Warren Buffett bought his first shares when he was 11 years old. In the 78 years since, he has in some ways become the figurehead of the investing world.
Through his letters to shareholders and interviews in the business pages, he has guided investors with some pearls of wisdom.
Here are some of the lessons we can learn from Warren Buffett.
When to be greedy
If you stop someone off the street and ask them the best strategy for investing, they’ll probably say “buy low, sell high.”
This is all well and good, but how do we know when the stock has bottomed out? Likewise, what’s to stop the share price gaining?
Buffett distilled this raw advice and added some clarity when he said: “be fearful when others are greedy, and be greedy when others are fearful.”
Buffett has made much of his wealth sweeping up chunks of fundamentally fantastic businesses when markets or stock prices have crashed.
Psychology of investing
Buffett owes some of his success to long-time friend and business partner, Charlie Munger.
Munger brought the psychology of economics to Buffett’s attention. Munger believed that human psychology could be just as important as economics when it came to investing.
Buffett has remarked that “every time I’m with Charlie, I get some new slant on an idea that causes me to rethink certain things.”
With this skill, Buffett can take a step back when the market over-reacts to a piece of news, and predict how investors will behave in the future.
Buffett’s favourite holding period is forever. Each investment is made as if he is buying the whole business. He lets the dividends build up, reinvests, and watches as his investment compounds.
Investments in the stock market tend to be most successful when a buy-and-hold strategy is used. Trading in and out regularly could see your transaction fees mounting up and eradicating some of your savings.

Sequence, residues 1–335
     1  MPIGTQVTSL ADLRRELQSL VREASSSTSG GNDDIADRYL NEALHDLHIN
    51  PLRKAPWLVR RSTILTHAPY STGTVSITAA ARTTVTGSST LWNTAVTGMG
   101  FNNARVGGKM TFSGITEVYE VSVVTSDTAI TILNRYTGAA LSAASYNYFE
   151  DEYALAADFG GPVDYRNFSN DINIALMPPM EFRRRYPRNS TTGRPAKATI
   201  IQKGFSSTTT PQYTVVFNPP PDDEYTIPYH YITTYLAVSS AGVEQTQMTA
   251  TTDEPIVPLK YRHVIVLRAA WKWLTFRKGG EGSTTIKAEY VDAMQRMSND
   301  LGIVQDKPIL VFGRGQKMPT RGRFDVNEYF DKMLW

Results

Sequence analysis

It’s important to remember why you bought the company in the first place.
Margin of safety
Buffett has said that the three most important words are “margin of safety”.
This means that he will only buy something for less than it’s worth. He wants to make sure that he is paying a price that is below the business’ intrinsic value.
Similarly, a bank would not want to lend money to someone who can only just manage to repay the loan each month. In the calculations will be a cushion in case circumstances change slightly.
Buy a wonderful company at a fair price
When I’m struggling to find value in the market, these words from Buffett always rattle around my brain: “it is better to buy a wonderful company at a fair price than a fair company at a wonderful price.”
If customers have a real need for a company’s products, the business has a competitive advantage over its peers, and it is managed by good people, then I become more relaxed about the price, and would possibly accept a lower margin of safety.
As Buffett has said: “price is what you pay, value is what you get”.
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T Sligo has no position in any of the shares mentioned. The Motley Fool UK has no position in any of the shares mentioned. Views expressed on the companies mentioned in this article are those of the writer and therefore may differ from the official recommendations we make in our subscription services such as Share Advisor, Hidden Winners and Pro. Here at The Motley Fool we believe that considering a diverse range of insights makes us better investors.